Over two years since the first cases of COVID-19, the world is still coming to terms with the virus. While vaccines have been developed and rolled out in record time in high-income countries, the developing world risks falling behind. Less than ten percent of the African continent has been vaccinated, for example, and more booster jabs have been admitted in rich countries than first doses in poorer ones.
This disparity not only has a health impact on low- and middle-income countries (LMICs), but also foments new variants of the virus, such as Omicron, which transmit globally. Moreover, there is an economic cost, with a recent report by the International Chamber of Commerce warning that letting the developing world fall behind could cost the global economy USD 9.2 trillion.
At a 20th January 2022 FT Webinar entitled ‘Is Vaccine Nationalism Undermining the Global Economic Recovery? Bringing the pandemic to an end in 2022’ high profile representatives from global financial institutions, NGOs, and the pharmaceutical industry weighed in on the dangers of vaccine disparity and what needs to be done to fix it as soon as possible.
A USD 12.5 Trillion Hit
From a financial perspective, Managing Director of the International Monetary Fund (IMF) Kristalina Georgieva began by pointing out that USD 12.5 trillion in global economic output will be lost due to COVID by 2024, a figure that the IMF will upgrade thanks to the emergence of the Omicron variant. This figure far surpasses the comparatively modest sum of USD 50 billion that the IMF estimates will be enough to ramp up vaccination efforts in all poorer countries to sufficient levels.
Georgieva added that vaccine disparity is endangering two decades of convergence between richer and poorer nations, putting more and more people into poverty. Winnie Byanyima, executive director of UNAIDS developed this point, noting that 160 million people have dropped into poverty in the last two years and that COVID deaths and hospitalisations are just a small part of the health picture with more women now dying in childbirth and more children dying of preventable diseases in LMICs due to reduced access to healthcare.
Making Billionaires or Vaccinating Billions?
In terms of how we reached this level of disparity – which the ONE Campaign’s Gayle Smith called “a moral obscenity, public health catastrophe, and economic folly” – the panel pointed fingers at both Western governments and the pharmaceutical industry. Smith argued that there needs to be better coordination and more resources put on the table from governments and that pharma companies, despite developing “extraordinary” vaccines, were suffering from a failure of imagination and addressing COVID as if it was a normal problem.
Byanmina went even further, claiming the emergence of a “narrow, self-defeating nationalism” in which humanity’s fate has been left in the hands of pharma companies more intent on “making billionaires than vaccinating billions,” highlighting the huge financial windfalls received by executives at companies like Pfizer and Moderna off the back of their vaccines. She added that Moderna in particular “turned its back on the African continent” for a year and a half and was only now beginning to change its attitude.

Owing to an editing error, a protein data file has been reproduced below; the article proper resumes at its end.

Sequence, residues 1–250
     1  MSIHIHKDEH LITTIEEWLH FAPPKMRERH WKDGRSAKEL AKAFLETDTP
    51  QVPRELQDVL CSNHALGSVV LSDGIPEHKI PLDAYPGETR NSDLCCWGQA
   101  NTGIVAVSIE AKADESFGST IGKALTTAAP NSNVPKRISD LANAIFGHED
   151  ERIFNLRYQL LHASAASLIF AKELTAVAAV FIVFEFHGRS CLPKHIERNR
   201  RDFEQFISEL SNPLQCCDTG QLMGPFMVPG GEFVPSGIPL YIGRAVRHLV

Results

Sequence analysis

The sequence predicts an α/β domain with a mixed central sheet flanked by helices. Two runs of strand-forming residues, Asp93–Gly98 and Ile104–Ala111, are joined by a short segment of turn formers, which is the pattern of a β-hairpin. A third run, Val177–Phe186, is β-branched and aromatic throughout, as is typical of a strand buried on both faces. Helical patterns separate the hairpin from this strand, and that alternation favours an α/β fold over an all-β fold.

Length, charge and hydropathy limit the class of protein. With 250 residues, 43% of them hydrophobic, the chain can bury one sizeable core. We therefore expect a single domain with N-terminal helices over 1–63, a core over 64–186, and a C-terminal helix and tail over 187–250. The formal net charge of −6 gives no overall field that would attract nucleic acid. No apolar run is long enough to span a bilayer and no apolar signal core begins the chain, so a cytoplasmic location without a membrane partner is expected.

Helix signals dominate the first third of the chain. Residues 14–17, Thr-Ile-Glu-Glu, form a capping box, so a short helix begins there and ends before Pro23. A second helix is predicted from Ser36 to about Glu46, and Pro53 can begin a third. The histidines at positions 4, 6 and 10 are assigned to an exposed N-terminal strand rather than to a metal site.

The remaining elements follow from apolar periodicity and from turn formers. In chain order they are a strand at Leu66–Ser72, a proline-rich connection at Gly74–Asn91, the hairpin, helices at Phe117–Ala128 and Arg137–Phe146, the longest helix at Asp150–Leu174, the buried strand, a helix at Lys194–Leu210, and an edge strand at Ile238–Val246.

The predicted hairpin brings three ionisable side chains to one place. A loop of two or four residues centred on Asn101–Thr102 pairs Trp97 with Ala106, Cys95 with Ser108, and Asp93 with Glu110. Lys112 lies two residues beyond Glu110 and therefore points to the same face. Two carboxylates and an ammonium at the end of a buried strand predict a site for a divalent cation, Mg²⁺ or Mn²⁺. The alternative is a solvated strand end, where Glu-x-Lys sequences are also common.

Industry Response: “A Different Story”?
Responding to these accusations, Moderna’s Chief Legal Officer Shannon Klinger admitted that her firm had been slow to react and had initially prioritised higher income countries due to the advanced purchasing agreements struck but that “the story is different now.” She stated that Moderna is now the largest single vaccine supplier to GAVI/COVAX and plans to supply one billion doses to LMICs in 2022.
Klinger did push back against some of the criticisms, pointing out that the African Union had actually rejected some doses from Moderna and that while the firm already has 700 million doses waiting to go in warehouses, the supply of vaccines in people’s arms is a problem that NGOs, governments and businesses need to solve collaboratively.
Pushed on whether the pharmaceutical industry was doing enough in terms of technology transfer to LMICs, especially in Africa, Klinger pointed to Moderna’s USD 500 million commitment to African manufacturing and the establishment of fill-finish facilities on the continent by 2023.
However, Smith countered that such timelines were indicative of the industry’s slow response to the pandemic and that if these discussions had been had at its outset, we could be almost two years ahead. She also highlighted the lack of a global plan for booster shots as indicative of short-termist thinking among governments.
Transformational Thinking Needed
Looking forward, all the panellists were united in their call for immediate action. Smith suggested that potential innovative solutions could involve pharma companies coming together and agreeing on a common price for vaccines, making advanced commitments to collective vaccine reservation for LMICs, or making commitments to manufacturing in LMICs over time.
Byanmina – drawing on the oft-quoted definition of insanity as doing the same thing over and over and expecting different outcomes – called for more “transformational thinking” across both the rich world and LMICs as well as an investment in building capacity and capability for future pandemics.
Finally, the IMF’s Georgieva stated that 2020 was the year of scientists, those who developed effective vaccines in record time; 2021 was the year of production; but that 2022 must be the year of delivery of these vaccines more globally.